Now, some electronic shareholder forums, such as the Motley Fool and Yahoo, already exist. Shareholders today use these forums to communicate with one another all the time. What is missing, however, is company input into this process. In previous columns related to the proxy process, I’ve encouraged companies to use their Web sites and other means to communicate directly with their shareholders regarding the company’s position on proxy issues, particularly those that are contested. But these means are largely a one-way street. The “e-forums” would provide a two-way street for communication between the company and its shareholders, and among shareholders themselves. And the activist pension funds were among the strongest supporters for company-sponsored e-forums.

I did some preliminary checks with investor relations officers, corporate secretaries, and governance professionals, and most were not aware of the new rule. Those who were said they planned to monitor the other forums just as they do with the blogs, but none said their company planned to initiate its own shareholder e-forum. I sense there is a concern that activist shareholders could use a company-sponsored forum to organize a campaign to gain majority support on issues such as executive compensation, majority voting for directors, “withhold” votes for specific directors, and other hot proxy issues. Even on non-binding issues, in today’s environment, ignoring a majority vote can be difficult.

I suspect that some companies might be willing to communicate the company position on specific proxy issues through their Web sites or direct communications with shareholders. The sort of open-ended debate possible through an electronic forum, however, is another matter altogether. Commissioner Paul Atkins noted that the SEC defines the term “solicitation” quite broadly, and “…as a result, [we] extend the proxy rules to any person who seeks to influence the voting of proxies, regardless of whether the person is seeking authorization to act as a proxy.” Consequently, Atkins expects the staff to monitor the development and use of shareholder e-forums for any “potentially abusive practices.”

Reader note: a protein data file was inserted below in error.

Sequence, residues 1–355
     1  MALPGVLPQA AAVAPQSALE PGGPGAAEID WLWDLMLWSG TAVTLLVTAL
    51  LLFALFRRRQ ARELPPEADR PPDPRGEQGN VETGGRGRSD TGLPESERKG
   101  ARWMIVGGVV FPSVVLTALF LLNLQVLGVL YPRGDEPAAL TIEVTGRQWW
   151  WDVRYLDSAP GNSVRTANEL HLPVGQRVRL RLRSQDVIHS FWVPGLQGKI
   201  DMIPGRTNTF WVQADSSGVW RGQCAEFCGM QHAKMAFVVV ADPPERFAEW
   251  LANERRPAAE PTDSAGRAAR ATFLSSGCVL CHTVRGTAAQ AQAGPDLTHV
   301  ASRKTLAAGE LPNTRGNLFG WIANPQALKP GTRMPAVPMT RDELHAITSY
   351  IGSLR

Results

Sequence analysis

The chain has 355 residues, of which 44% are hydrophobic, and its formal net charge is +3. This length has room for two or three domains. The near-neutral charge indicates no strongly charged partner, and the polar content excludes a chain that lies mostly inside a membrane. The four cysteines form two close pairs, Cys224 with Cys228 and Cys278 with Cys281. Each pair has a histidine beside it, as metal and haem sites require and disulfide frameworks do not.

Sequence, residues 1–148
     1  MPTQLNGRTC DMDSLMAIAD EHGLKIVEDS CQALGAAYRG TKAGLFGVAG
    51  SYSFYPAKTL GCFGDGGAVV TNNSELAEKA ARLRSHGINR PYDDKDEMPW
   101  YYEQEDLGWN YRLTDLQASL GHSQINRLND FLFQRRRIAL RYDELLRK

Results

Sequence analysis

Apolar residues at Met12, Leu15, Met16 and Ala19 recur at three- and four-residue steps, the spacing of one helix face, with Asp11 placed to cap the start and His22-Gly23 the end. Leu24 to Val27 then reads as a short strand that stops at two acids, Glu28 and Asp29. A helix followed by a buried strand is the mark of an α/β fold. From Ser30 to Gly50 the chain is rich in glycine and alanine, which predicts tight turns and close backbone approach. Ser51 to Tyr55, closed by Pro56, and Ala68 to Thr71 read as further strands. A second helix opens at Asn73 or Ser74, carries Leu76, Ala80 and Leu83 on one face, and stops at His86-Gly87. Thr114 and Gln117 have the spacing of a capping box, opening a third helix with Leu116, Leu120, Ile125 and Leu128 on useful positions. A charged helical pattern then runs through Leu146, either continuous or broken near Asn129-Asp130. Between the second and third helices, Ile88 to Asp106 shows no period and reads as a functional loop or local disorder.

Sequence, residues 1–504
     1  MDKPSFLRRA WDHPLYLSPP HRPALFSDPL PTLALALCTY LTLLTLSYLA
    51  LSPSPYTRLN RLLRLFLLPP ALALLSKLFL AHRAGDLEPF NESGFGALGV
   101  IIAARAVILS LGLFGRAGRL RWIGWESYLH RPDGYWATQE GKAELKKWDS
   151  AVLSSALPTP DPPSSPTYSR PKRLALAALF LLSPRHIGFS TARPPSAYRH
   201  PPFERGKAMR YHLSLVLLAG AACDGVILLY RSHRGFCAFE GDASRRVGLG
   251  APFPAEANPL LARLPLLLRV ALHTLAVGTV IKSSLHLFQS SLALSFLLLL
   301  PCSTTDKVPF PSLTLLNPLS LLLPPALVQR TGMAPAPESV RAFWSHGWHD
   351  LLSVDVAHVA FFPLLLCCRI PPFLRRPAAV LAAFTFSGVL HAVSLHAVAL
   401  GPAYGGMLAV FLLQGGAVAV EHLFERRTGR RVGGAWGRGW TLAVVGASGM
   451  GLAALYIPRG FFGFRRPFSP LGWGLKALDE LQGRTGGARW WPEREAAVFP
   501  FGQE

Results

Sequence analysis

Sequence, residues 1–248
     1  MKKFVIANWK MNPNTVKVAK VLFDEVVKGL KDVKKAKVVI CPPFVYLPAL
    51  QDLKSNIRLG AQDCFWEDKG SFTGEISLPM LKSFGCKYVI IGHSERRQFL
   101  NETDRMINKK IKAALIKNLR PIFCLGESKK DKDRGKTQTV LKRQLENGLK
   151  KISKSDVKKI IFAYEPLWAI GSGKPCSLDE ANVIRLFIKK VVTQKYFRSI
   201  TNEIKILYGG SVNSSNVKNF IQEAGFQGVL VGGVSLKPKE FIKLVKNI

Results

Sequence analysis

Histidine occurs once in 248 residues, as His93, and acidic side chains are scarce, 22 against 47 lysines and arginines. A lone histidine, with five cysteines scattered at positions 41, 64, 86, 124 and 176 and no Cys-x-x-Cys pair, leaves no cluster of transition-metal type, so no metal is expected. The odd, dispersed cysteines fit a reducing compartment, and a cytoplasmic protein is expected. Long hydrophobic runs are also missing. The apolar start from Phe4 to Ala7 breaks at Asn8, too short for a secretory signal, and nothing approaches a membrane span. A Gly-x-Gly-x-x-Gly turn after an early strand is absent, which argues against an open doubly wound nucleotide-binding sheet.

So, could such a forum become a devil’s playground? One should read or re-read the Compliance Week interview in the July 17, 2007, issue with shareholder activist Eric Jackson, chief executive of Jackson Leadership Systems. As an individual investor, Jackson used his blog and videos posted on YouTube to band together some 100 shareholders with a combined $60 million stake in Yahoo. They led a campaign that resulted in a 33 percent “against” vote for seven of the 10 Yahoo directors at the company’s June 19 annual meeting. CEO Terry Semel quickly became Yahoo’s former CEO.

Just like what we are observing in the presidential election process, electronic forums are now playing a key role in engaging activist participants in Corporate America. It’s time to recognize the power of the Internet and learn to engage it and manage it the best we can.

So, what should companies consider with respect to shareholder e-forums? A few points:

  1. Clearly, one should monitor the existing e-forums to know which shareholders are active, what they are saying, and what they are advocating.


  2. This information should be provided in reports to senior management and the board, summarizing what is being said on key issues, who the key players are, and whether the company should respond.